Old-School Comic Review – Incredible Hulk #271


Written by Bill Mantlo
Art by Sal Buscema
Cover by Al Milgrom
Published by Marvel Comics

Marvel Studios’ upcoming Guardians of the Galaxy film is one of the most eagerly anticipated movies of the Summer, and based on the advance buzz, it appears that the anthropomorphic space-bound adventurer known as Rocket Raccoon is set to be the newest breakout character. Rocket has definitely come a long way since his 1982 debut in the pages of The Incredible Hulk #271, evolving from a jokey Beatles homage to one of the most popular characters in Marvel’s current roster. A recent revisiting of Rocket’s first appearance shows how humble his beginnings truly were in the Marvel Universe.

Written by the legendary Bill Mantlo and drawn by the equally legendary Sal Buscema, The Incredible Hulk #271 is labeled as the official 20th anniversary issue of the original title featuring the Jade Giant. To a modern comic reader, this is definitely an odd story to run for an anniversary issue, as it is of normal page length, features no marquee cameos, and tells a story that seems somewhat inconsequential to the book’s overall continuity. In fact, nothing about this issue is meant to be taken at all seriously and seems primarily a way for Mantlo to not-so-subtly proclaim his love and admiration for the Beatles. The issue’s title, “Now Somewhere In The Black Holes Of Sirius Major There Lived A Young Boy Name Of Rocket Raccoon!” is an obvious paraphrase of the opening line of the Beatles’ obscure “Ballad of Rocky Raccoon” from The White Album, and the story begins with Old Greenskin waking up on a strange planet where he meets Rocket and his sidekick, the aptly named Wal-Russ (Get it?). Despite not knowing where he is or how he got there, Hulk joins up with Rocket and Wal-Russ in their mission to take back a sacred and powerful object known as the Gideon’s Bible (another blatant Beatle reference) from the clutches of their nemesis, an evil mole named Judson Jakes.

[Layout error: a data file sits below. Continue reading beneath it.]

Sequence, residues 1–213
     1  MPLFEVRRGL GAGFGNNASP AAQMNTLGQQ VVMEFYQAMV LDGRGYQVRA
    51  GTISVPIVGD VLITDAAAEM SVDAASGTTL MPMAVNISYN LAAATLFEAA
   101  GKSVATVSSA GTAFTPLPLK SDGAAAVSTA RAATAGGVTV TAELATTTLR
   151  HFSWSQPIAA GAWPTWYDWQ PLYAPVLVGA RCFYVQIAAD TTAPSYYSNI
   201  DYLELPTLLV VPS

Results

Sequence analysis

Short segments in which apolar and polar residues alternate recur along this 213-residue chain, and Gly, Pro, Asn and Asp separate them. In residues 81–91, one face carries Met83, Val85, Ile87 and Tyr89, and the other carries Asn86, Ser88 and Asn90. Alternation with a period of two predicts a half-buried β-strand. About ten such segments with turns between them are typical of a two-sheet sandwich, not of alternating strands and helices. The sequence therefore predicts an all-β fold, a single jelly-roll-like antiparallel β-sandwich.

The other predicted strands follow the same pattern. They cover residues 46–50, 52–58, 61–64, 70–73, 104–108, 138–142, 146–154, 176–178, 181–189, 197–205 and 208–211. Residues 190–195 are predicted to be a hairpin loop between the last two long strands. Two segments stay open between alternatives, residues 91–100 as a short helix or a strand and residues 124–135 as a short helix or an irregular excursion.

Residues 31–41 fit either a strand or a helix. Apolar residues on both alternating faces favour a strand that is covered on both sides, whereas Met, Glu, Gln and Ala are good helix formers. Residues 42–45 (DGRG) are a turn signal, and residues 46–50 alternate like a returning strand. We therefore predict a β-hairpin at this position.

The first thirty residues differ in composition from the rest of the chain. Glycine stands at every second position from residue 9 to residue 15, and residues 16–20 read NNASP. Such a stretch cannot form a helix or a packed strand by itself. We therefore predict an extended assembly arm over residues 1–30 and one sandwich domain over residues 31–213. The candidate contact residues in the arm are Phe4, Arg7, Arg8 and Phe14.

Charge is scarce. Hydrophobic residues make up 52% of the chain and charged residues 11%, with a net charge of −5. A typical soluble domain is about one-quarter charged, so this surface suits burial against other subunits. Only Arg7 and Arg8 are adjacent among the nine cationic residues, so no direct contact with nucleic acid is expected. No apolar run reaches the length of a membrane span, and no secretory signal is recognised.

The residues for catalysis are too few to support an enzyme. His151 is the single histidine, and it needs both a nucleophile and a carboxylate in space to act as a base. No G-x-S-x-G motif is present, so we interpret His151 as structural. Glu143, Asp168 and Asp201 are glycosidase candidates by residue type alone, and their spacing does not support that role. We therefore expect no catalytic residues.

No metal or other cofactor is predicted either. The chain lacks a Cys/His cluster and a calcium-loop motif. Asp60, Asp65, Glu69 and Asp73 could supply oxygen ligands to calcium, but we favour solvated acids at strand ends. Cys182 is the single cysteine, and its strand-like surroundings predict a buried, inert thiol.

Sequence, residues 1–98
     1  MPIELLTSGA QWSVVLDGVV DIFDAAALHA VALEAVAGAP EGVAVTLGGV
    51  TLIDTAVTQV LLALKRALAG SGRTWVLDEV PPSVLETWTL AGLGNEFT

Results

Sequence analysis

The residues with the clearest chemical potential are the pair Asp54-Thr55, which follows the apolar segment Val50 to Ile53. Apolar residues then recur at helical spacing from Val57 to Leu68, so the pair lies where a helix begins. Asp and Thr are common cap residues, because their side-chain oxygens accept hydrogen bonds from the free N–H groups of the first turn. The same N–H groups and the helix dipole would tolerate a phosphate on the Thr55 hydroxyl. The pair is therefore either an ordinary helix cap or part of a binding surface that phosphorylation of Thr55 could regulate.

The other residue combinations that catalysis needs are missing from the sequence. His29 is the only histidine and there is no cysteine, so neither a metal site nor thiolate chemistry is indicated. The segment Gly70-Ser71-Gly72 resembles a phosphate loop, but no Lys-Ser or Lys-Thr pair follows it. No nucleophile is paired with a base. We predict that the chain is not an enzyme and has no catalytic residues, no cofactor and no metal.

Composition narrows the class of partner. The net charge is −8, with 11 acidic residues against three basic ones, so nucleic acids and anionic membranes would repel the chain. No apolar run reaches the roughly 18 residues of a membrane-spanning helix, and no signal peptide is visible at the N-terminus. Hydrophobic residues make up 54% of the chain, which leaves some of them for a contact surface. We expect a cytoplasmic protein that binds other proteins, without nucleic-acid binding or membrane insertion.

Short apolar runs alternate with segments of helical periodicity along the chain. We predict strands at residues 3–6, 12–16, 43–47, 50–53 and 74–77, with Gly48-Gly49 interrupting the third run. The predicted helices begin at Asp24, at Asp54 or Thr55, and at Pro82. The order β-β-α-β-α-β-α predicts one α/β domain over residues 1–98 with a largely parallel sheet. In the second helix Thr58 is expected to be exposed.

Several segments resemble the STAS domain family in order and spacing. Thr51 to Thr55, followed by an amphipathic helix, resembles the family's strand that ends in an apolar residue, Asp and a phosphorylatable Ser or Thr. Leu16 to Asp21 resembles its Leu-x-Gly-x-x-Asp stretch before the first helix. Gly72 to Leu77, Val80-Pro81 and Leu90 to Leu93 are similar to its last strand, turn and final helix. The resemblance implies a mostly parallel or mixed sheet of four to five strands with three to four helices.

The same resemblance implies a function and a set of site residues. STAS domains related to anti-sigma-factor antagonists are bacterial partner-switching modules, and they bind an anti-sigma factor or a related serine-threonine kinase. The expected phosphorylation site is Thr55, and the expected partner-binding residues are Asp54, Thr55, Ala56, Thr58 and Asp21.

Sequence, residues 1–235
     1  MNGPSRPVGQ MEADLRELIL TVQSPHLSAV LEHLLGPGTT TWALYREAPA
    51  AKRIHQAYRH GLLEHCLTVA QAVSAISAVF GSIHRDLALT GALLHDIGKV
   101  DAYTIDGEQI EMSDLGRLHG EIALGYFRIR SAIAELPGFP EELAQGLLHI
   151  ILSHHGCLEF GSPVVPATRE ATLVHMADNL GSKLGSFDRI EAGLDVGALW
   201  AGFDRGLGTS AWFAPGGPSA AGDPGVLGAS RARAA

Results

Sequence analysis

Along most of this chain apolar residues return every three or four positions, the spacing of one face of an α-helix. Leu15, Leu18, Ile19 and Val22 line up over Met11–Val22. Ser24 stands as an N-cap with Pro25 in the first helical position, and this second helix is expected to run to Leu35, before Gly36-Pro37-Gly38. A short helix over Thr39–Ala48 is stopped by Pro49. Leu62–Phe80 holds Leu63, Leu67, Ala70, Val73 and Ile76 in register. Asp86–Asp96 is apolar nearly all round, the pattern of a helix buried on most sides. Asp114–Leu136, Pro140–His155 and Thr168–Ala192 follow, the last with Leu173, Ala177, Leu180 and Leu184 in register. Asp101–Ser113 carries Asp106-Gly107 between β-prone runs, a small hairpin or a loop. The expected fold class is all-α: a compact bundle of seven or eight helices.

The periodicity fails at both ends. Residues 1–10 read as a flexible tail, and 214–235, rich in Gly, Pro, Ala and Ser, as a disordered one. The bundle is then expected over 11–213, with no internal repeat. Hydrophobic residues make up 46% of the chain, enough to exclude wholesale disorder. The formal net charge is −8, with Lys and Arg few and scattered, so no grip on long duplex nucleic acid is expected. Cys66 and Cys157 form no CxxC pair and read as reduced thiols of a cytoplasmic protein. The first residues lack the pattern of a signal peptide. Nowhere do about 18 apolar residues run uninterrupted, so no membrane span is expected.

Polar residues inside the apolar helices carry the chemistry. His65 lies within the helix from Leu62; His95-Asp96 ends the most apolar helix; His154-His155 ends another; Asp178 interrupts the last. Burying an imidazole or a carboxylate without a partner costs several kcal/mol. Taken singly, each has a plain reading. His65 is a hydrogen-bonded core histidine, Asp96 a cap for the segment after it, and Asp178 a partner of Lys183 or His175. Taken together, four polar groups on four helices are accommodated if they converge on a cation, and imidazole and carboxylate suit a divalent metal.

Goo Goo G'Joob.

Goo Goo G’Joob.

Even though the Bronze Age of the Seventies and Eighties was best known for injecting more gritty realism and all-around seriousness to mainstream superhero comics, this issue shows that this era could get just as silly and nonsensical as the Golden and Silver Ages when it wanted to. In addition to featuring talking, gun-toting animals, Incredible Hulk #251 also features, among others, a squadron of bumbling Keystone Kop-style humanoids and an army of murderous clowns. It’s as if then-Marvel EIC Jim Shooter gave Mantlo carte blanche to fill twenty-two pages with any random stuff he could come up with, and it’s obvious while reading the issue that Mantlo and Buscema had a blast bringing this script to the page. That sense of fun and adventure easily transfers to the reader as well, whether or not they are familiar with the source material that Mantlo loosely draws from.

Remember, this was nearly 30 years before AXE COP.

Remember, this was nearly 30 years before AXE COP.

After his brief but memorable adventure with the Hulk, Rocket would make a few more sporadic appearances in a number of Marvel titles and was even awarded his own limited series in 1985 by Mantlo and Mike Mignola. After that brief moment of notoriety, Rocket languished in relative obscurity for over two decades until Dan Abnett and Andy Lanning made him a core member of the revamped Guardians of the Galaxy in 2008 and turned him into one of Marvel’s premier badasses. With what we now know about how Rocket has been used in comics in the past six years, and based on the advance footage we’ve seen from the Guardians movie, I got a particular kick out of reading his first appearance in a comic book. It says a lot about this industry and the talent of the people who work in it when a character originally meant to be a humorous diversion can one day be made into a popular core character within a comic book universe, even if he is a talking raccoon. For offering a pleasant dose of nostalgia and providing a fun, breezy story, The Incredible Hulk #271 receives 4 out of 5 Magic Meat Machines.


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Ben Gilbert is an avid comic and movie fan, father of two amazing kids, and husband to one awesome chick. He resides in the hills of East Tennessee and still doesn't quite know what he wants to be when he grows up.

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